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As one of 60 legislators, I think we could have finished our work within the 90-day limit. But like negotiating for a car, you can’t just make your offer. You have to get the car salesperson to make a reasonable offer back. That hasn’t happened. The offer so far from our Senate colleagues is:
Drain and Pray: We Should Solve the Recession, Not Drain Savings and Pray to be Rescued by High Oil Prices (which will likely not happen)
Every economist has told us the same thing: that continuing to slash the budget will extend our recession. The House and Governor found roughly $80 million in cuts in the budget, on top of $3.2 billion since 2013. At this point, every economist says cutting more than that leads to the loss of 1,000 – 1,500 private and public sector jobs for every $100 million in additional cuts. The Senate proposes $750 million in more cuts over the next three years. With less money in the economy, that’s a loss of roughly 10,000 more jobs. That’s on top of the 7,500 Alaska lost last year. Less money spent at stores, on homes, and in the economy causes already hurting businesses to close or contract. That’s irresponsibility, not a plan.
And the Senate’s only revenue proposal – cutting the dividend to $1,000 – hits the poorest Alaskans the hardest, doesn’t have wealthy Alaskans or large profitable businesses or oil companies chip in, and is, whether intentional or not, a plan that favors rich Alaskans and those people and companies with privilege over working class and poorer Alaskans.
With a roughly $3 billion budget deficit, and dwindling savings, my bi-partisan Alaska House Majority Coalition has asked for a fair share for our oil as part of a revenue plan. The Senate, instead, wants to further cut our almost non-existent oil production tax, and pay $1.4 billion in oil company subsidies over the next 10 years – plus $360 million in oil subsidies in the budget this year.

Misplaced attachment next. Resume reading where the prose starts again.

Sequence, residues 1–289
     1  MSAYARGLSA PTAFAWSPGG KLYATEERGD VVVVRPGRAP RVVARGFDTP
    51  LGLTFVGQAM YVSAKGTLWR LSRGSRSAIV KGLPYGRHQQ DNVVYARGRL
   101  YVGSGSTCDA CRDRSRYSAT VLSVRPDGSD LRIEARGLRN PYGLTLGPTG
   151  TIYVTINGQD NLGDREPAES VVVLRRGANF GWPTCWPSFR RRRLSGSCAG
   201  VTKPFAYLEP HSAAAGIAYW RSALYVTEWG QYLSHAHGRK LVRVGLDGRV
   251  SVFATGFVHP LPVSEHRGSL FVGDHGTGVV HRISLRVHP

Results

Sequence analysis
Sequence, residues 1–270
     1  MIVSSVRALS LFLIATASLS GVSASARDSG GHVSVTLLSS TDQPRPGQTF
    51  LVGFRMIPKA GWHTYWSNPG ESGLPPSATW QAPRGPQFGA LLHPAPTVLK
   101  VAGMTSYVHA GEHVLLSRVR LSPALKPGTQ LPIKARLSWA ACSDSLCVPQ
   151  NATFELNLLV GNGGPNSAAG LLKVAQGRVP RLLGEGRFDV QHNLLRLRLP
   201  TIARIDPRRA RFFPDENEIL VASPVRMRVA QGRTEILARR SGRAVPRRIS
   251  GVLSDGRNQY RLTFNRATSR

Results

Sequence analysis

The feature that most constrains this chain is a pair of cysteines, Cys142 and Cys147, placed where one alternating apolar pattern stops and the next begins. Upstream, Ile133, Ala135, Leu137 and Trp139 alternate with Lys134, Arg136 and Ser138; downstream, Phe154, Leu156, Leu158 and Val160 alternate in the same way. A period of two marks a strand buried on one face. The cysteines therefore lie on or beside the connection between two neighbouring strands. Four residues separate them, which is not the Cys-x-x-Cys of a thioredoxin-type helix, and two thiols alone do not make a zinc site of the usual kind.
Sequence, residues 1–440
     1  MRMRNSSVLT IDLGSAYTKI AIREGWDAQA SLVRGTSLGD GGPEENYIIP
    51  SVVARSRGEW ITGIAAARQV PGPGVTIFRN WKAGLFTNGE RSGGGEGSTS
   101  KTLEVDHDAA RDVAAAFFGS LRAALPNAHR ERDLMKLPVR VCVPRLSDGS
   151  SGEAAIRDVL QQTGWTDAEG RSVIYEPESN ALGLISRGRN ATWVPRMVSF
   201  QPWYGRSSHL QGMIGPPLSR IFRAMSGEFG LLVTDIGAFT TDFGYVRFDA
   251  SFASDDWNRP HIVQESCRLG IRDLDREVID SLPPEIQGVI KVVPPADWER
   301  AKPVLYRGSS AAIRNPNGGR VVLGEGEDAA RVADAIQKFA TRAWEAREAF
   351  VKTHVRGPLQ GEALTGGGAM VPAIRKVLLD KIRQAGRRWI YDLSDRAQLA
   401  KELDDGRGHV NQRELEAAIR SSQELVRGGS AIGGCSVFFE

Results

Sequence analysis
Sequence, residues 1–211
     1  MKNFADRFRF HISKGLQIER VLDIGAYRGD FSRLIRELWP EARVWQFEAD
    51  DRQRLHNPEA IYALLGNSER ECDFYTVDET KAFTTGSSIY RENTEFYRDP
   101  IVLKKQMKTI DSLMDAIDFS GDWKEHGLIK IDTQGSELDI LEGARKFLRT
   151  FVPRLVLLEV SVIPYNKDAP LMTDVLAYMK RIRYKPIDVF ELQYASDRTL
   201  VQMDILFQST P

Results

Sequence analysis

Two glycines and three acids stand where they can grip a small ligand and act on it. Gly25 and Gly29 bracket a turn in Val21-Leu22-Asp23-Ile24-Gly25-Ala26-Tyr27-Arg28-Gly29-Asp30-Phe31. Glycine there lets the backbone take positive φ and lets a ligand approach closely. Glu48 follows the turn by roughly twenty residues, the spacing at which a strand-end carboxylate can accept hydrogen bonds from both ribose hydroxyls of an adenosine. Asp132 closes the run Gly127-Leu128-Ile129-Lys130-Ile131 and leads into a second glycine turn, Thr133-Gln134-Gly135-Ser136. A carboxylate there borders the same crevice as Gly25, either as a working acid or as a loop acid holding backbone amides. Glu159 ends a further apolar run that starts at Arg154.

We think exempting over 6,000 corporations and businesses from Alaska’s corporate tax makes no sense. Higher profit corporations and businesses, and wealthier Alaskans, would have chipped in through a school tax on income that focused on having people (including business and corporation owners) with higher incomes, and high business and high corporate income, chip in.
We also think a $1,000 dividend hits poorer Alaskans and seniors too hard, and propose increasing it from last year’s $1,022 to $1,250, and growing it after that.
With a fair share for our oil, and a request that the most privileged chip in, this would solve our budget deficit, and erase the need for further cuts to schools, seniors, kids, and those living on the edge.
I don’t believe in class warfare. But a plan that cuts the public education most Alaskans can’t replace with private schooling, and that doesn’t ask the wealthiest Alaskans or largest corporations to chip in, favors the most privileged over the rest of you.
We look forward to serious discussions with the GOP-led Senate. So far those have not happened.
We are all in this together. We shouldn’t choose a plan that favors the wealthiest over children, seniors, and those with the greatest needs.
I look forward to hearing from you.